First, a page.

Social Media Giants Reverse Ban on Asian-American’s Campaign Video

The daughter of Cambodian refugees who survived Pol Pot’s killing fields had a video advert for her campaign bid for the U.S. Congress as a Republican blocked on Twitter and Facebook.

Eventually, both social media giants reversed their decisions, but it took a barrage of public criticism and bad press to help prod them to do so.

The social media platforms’ removal of 33-year-old Elizabeth Heng’s campaign video (which you can watch above) was done because it contained historical images related to Khmer Rouge terror.

“Facebook rejected my video because it was ‘too shocking’ for their platform, referring to the scenes of horrific events my parents survived in Cambodia. Facebook, do you think it’s right to censor history?” she wrote via Twitter on August 4.

Despite only being in power from 1975-79, the Khmer Rouge managed to wipe out an estimated 1.4 to 2.2 million Cambodians and others. Cambodia at that time only had a population of 7 to 8 million.

The Facebook veto was put in place for five days until it was reversed. Facebook told National Review: “Upon further review, it is clear the video contains historical imagery relevant to the candidate’s story. We have since approved the ad and it is now running on Facebook.”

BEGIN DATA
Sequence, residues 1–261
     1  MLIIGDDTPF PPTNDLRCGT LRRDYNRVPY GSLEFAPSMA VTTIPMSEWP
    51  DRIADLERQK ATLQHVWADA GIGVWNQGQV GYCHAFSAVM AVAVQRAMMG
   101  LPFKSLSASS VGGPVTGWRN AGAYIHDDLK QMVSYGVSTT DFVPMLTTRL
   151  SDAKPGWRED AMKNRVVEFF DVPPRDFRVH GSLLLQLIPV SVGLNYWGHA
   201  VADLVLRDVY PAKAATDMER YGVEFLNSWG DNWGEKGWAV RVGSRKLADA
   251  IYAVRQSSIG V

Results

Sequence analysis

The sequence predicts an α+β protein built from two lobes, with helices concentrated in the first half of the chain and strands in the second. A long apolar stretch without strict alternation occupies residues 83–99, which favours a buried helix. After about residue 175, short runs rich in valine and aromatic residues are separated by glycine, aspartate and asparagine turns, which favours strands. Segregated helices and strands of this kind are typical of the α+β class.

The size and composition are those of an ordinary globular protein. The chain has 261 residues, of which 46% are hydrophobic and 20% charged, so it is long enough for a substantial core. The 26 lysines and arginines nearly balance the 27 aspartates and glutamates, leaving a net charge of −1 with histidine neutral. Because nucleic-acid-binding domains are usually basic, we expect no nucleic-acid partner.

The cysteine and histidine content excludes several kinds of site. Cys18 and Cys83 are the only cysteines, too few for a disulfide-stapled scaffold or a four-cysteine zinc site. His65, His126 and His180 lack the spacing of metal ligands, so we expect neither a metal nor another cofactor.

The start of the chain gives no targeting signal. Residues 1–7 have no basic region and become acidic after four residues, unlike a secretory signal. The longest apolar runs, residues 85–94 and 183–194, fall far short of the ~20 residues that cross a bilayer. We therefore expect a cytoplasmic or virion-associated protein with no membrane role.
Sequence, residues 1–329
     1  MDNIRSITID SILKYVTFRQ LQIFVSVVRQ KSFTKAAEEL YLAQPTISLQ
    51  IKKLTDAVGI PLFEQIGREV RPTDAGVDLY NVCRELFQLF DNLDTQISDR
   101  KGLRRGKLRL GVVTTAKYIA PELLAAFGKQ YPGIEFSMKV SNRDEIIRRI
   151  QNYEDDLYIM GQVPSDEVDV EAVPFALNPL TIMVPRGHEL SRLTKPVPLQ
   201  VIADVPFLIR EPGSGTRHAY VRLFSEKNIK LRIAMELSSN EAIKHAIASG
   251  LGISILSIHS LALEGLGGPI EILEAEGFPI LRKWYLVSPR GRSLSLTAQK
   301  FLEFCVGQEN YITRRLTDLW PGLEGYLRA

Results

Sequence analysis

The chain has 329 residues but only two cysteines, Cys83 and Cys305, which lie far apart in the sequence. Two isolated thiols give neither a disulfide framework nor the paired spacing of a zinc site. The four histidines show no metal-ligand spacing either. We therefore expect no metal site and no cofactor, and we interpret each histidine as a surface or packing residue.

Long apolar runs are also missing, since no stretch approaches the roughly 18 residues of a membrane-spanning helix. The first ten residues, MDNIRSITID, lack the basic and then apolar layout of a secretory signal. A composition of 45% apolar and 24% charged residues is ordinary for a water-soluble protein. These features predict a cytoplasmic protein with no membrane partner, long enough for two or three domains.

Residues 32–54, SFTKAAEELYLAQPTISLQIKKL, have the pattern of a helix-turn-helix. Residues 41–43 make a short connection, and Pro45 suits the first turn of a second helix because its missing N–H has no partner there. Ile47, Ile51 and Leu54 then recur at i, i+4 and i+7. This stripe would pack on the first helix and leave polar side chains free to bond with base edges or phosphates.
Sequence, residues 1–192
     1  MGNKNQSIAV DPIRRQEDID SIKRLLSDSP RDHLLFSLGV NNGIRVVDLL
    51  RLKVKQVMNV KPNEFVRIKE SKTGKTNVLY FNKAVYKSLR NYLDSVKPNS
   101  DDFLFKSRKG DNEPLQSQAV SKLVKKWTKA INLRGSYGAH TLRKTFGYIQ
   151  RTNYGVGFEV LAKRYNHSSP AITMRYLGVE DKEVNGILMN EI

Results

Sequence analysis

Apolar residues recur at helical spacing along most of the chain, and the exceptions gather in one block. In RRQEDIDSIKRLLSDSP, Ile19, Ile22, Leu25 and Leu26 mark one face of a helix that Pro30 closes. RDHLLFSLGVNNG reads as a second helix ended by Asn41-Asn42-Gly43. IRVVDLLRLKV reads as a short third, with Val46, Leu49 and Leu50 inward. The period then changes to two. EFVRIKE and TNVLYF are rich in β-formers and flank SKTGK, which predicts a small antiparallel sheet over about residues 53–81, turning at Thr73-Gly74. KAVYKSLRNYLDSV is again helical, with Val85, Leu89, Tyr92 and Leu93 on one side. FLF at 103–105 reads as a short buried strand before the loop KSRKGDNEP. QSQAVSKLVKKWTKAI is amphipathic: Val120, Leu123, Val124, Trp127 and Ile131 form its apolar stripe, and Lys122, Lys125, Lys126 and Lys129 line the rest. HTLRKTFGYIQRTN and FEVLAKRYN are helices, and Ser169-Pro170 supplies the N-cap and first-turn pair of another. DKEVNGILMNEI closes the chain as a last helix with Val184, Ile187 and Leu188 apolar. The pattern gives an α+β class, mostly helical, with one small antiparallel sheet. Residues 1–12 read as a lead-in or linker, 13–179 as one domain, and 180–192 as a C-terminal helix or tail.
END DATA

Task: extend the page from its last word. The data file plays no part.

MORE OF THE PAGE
But then Twitter described Heng’s video as obscene and blocked it on August 16.

“Again my family’s story has been censored on social media, and again they have had to reverse that decision. Enough is enough! With a campaign to run we should not have to fight these tech giants just to allow my ad to be seen,” Heng tweeted on the same day the ban was put in place.

“Who at Twitter can help me fix this censorship? The Cambodian Genocide is not ‘obscene.’ Please don’t make me go through this again like @Facebook. I need to focus on the issues that matter,” she said.

Media reported Twitter reversed its decision on August 18.

“Upon further review of the ad, we feel that the imagery that violated the inappropriate content policy is fleeting enough, particularly given the overall tone and intention of the video,” said a Twitter spokesperson, reported The Hill.

The ban of Heng’s video came at a time when left-leaning social media giants have been accused of censoring conservative voices. A point that Heng brought up in some of her tweets.

“In the past few weeks Facebook and Twitter have been called out by conservatives for deliberately shutting down conservative voices as evidenced in multiple cases,” she said.

“Unfortunately, the tech companies are holding all of the power and have no apparent desire to correct biased censorship of their platforms. When I’m elected I’ll fight for internet transparency, so that every American has a chance to be heard.”

Heng, from Fresno, is a candidate for California Congressional District 16.

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